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31 Oct 2002 : Column 931Wcontinued
Mr. Rosindell: To ask the Secretary of State for Foreign and Commonwealth Affairs if he will list those organisations funded by committees' money campaigning to end the death penalty; if such organisations campaign in the United States; and what representations he has received from (a) the US Government (b) individual US states thereon. 
Mr. Wiggin: To ask the Secretary of State for Foreign and Commonwealth Affairs if he will make a statement on negotiations with the Government of Spain over the future sovereignty of Gibraltar. 
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Government was informed by the United States Government of the latter's knowledge of the most recent status of North Korea's nuclear weapons programme; and what action has been taken by the United Kingdom as a result of this knowledge. 
Mr. Mike O'Brien: Like the US, we have been concerned for some time at reports of clandestine North Korean nuclear activities. The North Koreans confirmed that they were pursuing an enrichment programme for nuclear weapons in a meeting with US Assistant Secretary Kelly on 4 October. We learned of that admission shortly afterwards.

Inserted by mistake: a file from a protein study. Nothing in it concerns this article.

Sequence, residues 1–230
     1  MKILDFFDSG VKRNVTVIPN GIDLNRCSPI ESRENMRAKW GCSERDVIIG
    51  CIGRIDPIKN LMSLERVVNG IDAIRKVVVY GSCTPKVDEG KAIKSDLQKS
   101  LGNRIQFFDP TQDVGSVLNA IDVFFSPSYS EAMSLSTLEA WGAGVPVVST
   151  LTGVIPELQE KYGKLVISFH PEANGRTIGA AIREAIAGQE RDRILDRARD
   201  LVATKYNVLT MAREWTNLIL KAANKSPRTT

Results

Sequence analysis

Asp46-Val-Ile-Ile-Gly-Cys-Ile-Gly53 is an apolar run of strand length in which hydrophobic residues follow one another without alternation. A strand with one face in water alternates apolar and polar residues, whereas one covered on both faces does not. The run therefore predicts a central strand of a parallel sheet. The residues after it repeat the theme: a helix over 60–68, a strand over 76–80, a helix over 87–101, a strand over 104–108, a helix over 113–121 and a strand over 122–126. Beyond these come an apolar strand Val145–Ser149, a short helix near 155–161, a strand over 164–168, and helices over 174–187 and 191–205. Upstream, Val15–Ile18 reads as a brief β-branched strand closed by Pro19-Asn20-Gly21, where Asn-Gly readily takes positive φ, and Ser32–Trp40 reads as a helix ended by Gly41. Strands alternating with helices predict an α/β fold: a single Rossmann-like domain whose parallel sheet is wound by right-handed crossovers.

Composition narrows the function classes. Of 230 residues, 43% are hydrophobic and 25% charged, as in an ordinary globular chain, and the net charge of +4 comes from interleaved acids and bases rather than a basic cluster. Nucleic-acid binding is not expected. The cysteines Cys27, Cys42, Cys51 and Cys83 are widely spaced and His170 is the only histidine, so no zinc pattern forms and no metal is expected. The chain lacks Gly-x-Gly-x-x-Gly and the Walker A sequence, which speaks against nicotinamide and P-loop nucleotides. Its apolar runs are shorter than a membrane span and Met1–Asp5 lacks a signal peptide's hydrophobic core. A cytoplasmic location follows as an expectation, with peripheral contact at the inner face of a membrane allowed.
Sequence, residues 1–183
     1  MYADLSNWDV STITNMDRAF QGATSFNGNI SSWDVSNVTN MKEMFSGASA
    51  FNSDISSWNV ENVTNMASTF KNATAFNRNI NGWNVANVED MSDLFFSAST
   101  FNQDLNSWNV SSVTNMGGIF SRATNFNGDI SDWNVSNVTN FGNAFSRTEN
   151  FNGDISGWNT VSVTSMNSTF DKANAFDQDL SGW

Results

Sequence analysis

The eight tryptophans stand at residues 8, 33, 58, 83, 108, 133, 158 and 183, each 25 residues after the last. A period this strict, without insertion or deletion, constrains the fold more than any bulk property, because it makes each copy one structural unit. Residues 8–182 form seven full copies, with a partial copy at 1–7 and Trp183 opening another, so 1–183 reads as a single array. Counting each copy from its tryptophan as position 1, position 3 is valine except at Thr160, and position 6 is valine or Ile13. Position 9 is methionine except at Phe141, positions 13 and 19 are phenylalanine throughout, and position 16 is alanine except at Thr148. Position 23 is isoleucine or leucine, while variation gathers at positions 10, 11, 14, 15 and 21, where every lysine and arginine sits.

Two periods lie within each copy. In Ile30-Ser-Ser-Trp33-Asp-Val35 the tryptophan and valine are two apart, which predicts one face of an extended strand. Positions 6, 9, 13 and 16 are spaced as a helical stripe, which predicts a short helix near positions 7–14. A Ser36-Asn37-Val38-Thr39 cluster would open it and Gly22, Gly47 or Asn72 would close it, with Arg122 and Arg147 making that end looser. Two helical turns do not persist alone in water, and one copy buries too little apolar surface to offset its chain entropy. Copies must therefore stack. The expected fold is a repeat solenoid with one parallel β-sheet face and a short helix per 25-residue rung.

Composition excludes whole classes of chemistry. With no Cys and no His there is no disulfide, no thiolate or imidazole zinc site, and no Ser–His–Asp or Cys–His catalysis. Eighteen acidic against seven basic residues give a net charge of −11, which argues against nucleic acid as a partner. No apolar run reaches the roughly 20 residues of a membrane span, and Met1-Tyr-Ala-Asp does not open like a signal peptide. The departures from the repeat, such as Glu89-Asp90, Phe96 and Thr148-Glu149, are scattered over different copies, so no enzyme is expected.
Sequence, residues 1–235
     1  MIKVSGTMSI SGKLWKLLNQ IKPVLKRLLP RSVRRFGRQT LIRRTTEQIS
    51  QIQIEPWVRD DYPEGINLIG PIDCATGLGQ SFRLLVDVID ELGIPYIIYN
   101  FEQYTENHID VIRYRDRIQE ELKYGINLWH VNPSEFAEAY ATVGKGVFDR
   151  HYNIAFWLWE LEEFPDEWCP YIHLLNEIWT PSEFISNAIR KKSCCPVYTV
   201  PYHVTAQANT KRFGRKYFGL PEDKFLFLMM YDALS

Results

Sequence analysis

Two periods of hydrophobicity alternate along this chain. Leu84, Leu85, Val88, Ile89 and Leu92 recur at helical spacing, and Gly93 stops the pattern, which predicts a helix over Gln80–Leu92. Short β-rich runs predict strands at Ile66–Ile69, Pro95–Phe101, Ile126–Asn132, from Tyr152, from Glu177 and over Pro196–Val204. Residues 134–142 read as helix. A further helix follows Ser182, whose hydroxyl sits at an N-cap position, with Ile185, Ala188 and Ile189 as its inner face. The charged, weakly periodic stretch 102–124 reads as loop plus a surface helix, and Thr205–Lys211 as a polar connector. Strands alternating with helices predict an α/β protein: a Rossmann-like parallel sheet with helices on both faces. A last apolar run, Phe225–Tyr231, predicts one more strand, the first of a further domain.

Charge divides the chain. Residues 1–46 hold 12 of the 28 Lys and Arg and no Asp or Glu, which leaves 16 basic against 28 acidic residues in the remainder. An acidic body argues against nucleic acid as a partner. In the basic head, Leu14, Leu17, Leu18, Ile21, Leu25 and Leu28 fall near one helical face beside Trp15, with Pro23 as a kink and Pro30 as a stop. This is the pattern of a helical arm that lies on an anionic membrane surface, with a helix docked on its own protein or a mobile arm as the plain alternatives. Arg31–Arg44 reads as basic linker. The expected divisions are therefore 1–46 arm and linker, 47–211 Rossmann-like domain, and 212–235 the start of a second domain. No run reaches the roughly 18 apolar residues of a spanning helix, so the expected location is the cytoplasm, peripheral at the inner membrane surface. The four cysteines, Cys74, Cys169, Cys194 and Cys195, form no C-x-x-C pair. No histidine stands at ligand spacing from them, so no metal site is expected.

My right hon. Friend the Foreign Secretary said on 17 October (full statement available on the FCO website www.fco.gov.uk) that North Korea's actions are a serious violation of its international obligations. We are assessing our policy towards North Korea in consultation with our friends and allies most directly concerned with security on the Korean Peninsula, and with our partners in the European Union.
Mr. Rosindell: To ask the Secretary of State for Foreign and Commonwealth Affairs if he will list those reports produced to date by the EU Institute for Security Studies, with security caveat grading. 
Mr. Rosindell: To ask the Secretary of State for Foreign and Commonwealth Affairs what was the legal basis of Directive 2001/84/EC on art resale rights; at what point right of veto was waived by Her Majesty's Government; and if he will make a statement.